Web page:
ALTHOUGH MAZDA’S headquarters in Hiroshima sit far away from the summit of Japan’s Mount Fuji, that hasn’t stopped it from reaching for the same heights with its new MX-5. The latest generation has always forced buyers to make a choice. Either pick the 1.5-litre variant for cloud-tickling revs or opt into the 2.0-litre for genuine hair-ruffling speeds. Neither provided both. This made business sense, in that each car oozed itsownappeal.ButMazda hasnow blown theirpeaceful co-existence to bits and sent the 2.0-litre engine soaring.
The news is hard to believe for the fact, initially, engineers lavished their love on the 1.5-litre engine. Being lighter, and from a Mazda2, it suited the‘gram strategy’ they obsessed over during this car’s gestation. In their eyes it was the more pure pick. But with criticism hurled at the larger engine for being less involving, and engineers doggedly refining the car in every way possible, their attention has finally locked on to the ‘big block’ for this year’s model update. Their aim? Inject the 2.0-litre with its smaller brother’s charisma. The plan? Spin it to the same 7500rpm rev limit.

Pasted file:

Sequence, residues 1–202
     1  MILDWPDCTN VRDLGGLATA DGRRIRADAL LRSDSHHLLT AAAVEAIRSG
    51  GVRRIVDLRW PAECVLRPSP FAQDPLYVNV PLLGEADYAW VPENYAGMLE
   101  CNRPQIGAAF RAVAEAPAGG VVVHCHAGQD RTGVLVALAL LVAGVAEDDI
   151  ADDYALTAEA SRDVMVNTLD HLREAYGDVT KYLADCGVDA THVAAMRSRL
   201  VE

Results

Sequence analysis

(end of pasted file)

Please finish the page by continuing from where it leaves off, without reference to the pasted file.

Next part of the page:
And the result? On paper, it’s the most powerful factory atmo MX-5 yet. It wields 135kW and 205Nm, or 17kW and 5Nm more than before, from two litres. But this mission was never about packing more punch.We figure Mazda could have easily lowered a bigger 2.5-litre into the MX-5’s schnoz. After all, some owners have crammedV8s in there. In reality this project was about making the 2.0-litre, created to appease grunt-loving Americans, zing to the same highs as the 1.5-litre with all its smoothness and theatre. To do so, the engine’s 1998cc scores some hot-rod style upgrades.